INDIANAPOLIS – According to the Marion County Coroner’s Office, this past weekend, it saw a record number of people who died, needing examinations.
Deputy Chief Coroner, Alfarena McGinty, said, “When we look at a weekend from Friday to Sunday where there were 24 deaths that require examinations and you have five people that are able to assist in performing those examinations, that is difficult.”
McGinty said the office is already facing staffing shortages, which is something she has pushed to resolve for years. You can read more on that by visiting this link.
Coupled with the challenges due to staffing, McGinty said lack of space is a major issue the staff face when they see significant numbers of death investigations they are called to assist with.
“Yesterday we were not even able to get through half of those cases,” she said.
“It’s going to take us nearly the rest of the week to get through the cases we had from the weekend, and the cases we continue to get every day when we average seven to eight cases per day.”
She said the Marion County Coroner’s Office has seen an upward trend in death investigations over the last several years.
On Tuesday, for example, McGinty said they had two deputy coroners on duty, with three death investigations going on at the same time.
She said the significant number of death investigations they are seeing as an office is attributed to several factors, including the COVID-19 pandemic, a drug epidemic, and people dying due to homicidal violence.
“Homicide investigations by and large take up the most time,” said McGinty.
This past weekend, Indianapolis saw another violent few days as five people were shot and killed across the city in several shootings.
McGinty said there are times where deputy coroners are at homicide scenes for several hours, and that doesn’t include the work needing to be done after they leave and head back to the coroner’s office.
An often-thankless job, McGinty said their responsibility to the families of the decedents and citizens of Marion County doesn’t change even when they become overwhelmed. Their priority remains to begin to get answers, bring closure to others, and provide information needed for many families to begin getting their loved ones’ affairs in order.
“No one ever says thank you for telling me my loved one is dead. No one ever says thank you for creating the worst day of my life,” shared McGinty. “We have to remain professional; we have to make sure we are providing enough information for the families to move forward in their grieving process.”
The Indianapolis Metropolitan Police Department, however, does understand the impact felt by the coroner’s office, because they too, are at the scenes of death investigations, including those involving violent crimes committed.
As of Tuesday afternoon, the department has investigated 114 homicides since the start of 2021.
“People are losing their family members, they’re losing loved ones, husbands, children and wives and this is a daily occurrence,” said Samone Burris, Public Information Officer with IMPD.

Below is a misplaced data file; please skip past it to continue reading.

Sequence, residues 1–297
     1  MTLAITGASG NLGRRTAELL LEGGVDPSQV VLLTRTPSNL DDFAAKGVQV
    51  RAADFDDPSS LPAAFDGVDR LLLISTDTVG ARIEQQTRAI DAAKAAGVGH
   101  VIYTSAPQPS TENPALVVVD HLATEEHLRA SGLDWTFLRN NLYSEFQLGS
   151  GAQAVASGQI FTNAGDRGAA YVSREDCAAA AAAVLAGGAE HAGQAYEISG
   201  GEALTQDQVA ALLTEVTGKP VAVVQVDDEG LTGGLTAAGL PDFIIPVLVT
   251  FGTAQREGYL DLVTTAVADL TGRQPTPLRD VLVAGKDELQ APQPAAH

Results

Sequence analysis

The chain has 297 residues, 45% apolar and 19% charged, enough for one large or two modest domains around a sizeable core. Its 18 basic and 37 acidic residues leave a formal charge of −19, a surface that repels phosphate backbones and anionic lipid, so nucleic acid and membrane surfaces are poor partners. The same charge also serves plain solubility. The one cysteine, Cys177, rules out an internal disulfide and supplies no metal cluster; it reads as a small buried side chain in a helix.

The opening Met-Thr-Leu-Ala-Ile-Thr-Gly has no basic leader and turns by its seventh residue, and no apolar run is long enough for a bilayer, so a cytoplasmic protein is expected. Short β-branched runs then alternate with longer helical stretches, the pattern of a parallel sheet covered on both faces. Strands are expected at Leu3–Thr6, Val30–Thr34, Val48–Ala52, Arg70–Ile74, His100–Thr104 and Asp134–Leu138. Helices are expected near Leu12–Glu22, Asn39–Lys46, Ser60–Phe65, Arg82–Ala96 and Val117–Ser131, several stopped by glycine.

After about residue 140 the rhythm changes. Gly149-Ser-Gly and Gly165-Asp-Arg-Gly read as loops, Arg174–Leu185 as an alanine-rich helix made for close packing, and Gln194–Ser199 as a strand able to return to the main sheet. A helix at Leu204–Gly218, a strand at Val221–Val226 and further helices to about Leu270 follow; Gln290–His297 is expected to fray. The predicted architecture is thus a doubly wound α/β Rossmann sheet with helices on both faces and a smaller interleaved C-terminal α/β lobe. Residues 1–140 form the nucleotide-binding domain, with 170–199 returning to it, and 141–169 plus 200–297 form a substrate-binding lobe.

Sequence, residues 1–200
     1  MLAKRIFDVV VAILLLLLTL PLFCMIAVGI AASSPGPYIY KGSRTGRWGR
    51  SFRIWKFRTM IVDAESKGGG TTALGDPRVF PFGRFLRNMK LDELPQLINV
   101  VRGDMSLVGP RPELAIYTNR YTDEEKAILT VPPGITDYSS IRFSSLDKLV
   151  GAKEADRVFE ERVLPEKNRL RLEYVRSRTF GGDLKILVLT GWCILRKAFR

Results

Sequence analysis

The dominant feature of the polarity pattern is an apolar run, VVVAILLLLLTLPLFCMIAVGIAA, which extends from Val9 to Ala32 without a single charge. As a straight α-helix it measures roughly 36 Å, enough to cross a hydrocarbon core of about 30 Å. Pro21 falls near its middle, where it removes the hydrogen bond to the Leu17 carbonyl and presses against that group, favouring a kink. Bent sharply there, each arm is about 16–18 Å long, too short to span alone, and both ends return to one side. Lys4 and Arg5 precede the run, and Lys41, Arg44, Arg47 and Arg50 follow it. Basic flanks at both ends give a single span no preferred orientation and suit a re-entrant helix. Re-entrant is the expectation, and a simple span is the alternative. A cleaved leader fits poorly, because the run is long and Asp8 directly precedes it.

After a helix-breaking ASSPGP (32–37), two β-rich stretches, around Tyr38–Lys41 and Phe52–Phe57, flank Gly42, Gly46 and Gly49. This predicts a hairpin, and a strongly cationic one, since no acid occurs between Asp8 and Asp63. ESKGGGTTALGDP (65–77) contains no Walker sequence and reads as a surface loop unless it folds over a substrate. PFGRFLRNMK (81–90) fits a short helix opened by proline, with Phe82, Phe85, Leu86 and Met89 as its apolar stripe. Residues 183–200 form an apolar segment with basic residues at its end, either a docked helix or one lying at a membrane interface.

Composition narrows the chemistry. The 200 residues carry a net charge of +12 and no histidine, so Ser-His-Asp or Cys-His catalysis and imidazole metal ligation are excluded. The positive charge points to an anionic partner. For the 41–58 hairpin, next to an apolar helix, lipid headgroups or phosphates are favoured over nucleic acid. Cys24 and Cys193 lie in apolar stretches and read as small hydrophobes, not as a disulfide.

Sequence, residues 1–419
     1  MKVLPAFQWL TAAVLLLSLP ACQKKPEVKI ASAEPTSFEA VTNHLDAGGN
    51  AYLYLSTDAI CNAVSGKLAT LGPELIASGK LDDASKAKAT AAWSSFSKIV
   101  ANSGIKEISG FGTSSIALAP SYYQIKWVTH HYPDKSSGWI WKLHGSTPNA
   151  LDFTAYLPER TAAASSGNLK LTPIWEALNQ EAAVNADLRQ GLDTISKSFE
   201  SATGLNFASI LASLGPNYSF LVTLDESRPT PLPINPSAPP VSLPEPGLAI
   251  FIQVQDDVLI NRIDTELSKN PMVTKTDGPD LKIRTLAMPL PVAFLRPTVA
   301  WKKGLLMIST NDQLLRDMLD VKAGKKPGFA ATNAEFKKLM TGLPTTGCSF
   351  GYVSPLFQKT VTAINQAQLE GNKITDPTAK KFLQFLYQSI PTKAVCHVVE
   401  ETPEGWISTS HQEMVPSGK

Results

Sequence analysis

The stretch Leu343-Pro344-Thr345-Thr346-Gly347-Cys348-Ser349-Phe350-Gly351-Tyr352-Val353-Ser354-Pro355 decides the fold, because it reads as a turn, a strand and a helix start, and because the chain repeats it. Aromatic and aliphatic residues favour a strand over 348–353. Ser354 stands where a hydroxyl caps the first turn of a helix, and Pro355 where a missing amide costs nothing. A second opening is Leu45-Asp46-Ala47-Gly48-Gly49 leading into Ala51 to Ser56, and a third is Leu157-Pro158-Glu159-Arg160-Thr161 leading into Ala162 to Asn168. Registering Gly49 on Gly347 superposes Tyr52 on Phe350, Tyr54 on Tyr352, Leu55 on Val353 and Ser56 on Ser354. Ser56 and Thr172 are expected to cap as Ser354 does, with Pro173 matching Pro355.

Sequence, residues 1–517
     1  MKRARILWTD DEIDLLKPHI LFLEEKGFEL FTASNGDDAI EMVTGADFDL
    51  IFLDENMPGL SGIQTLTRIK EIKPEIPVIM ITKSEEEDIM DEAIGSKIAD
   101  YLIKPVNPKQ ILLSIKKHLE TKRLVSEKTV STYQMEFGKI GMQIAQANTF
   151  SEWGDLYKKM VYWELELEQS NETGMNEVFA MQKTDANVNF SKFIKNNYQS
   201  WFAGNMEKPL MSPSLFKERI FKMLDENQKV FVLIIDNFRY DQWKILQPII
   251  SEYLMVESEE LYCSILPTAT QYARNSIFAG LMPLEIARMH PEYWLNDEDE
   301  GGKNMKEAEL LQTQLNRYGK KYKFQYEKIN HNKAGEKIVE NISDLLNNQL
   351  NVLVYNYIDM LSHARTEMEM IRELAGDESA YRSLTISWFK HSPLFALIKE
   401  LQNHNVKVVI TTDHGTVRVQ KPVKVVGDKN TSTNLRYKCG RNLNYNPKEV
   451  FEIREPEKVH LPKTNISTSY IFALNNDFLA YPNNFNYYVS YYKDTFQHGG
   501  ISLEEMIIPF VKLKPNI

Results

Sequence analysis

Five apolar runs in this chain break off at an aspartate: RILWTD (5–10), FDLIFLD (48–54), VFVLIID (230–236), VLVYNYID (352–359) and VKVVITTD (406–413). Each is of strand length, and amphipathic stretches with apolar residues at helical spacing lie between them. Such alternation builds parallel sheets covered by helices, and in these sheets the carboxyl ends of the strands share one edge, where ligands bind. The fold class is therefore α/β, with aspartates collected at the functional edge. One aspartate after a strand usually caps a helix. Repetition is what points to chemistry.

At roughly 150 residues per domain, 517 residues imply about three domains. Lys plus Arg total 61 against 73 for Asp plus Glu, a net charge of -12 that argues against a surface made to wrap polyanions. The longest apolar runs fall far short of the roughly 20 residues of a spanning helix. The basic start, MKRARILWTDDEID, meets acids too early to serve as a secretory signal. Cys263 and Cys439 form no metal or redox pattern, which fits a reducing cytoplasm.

A reality that both the IMPD and the Marion County Coroner’s Office know well: taking the life of an individual doesn’t just impact the people directly involved, but their families and loved ones, too.
McGinty said it’s important to bear in mind that homicides are just one factor contributing to backlogs and challenges faced by the department.
“While you all see the homicides, you don’t see the other deaths that we attend to for the day,” she said, noting that they typically have seven to eight per day, on average.
Data provided by the Marion County Coroner’s Office shows that over the course of the last five years, their caseload has increased by approximately 44%.
In 2016, the Marion County Coroner’s Office worked on 1,809 cases. That number has drastically increased since. In 2020, they worked on a total of 2,611 cases.
McGinty said the drug epidemic is having a major impact on their office. According to data shared with FOX59, overdoses in Marion County have varied in overall numbers over the last few years, but in 2016, the department worked on 367 cases involving drug overdoses.
In 2020, the department worked on 638 cases involving drug overdoses.
Data shows the presence of fentanyl in toxicology reports of overdose deaths has increased more than 400% between 2016 and 2020, presenting an added risk to staff if it is present on scene.
The pandemic has also added challenges where COVID-positive decedents are involved, or even suspected of having COVID. Of the 24 decedents the office received this past weekend, there was a suspected COVID-positive case.
Because of the need to properly determine the cause and manner of death, McGinty said they are still testing those patients.
Busier than it’s ever been, McGinty said some deputy coroners are working 18-hour shifts, several times per week, to keep up with the workload their office is facing.
“They’re out here doing the work that no one else wants to do, that no one else can do,” she said.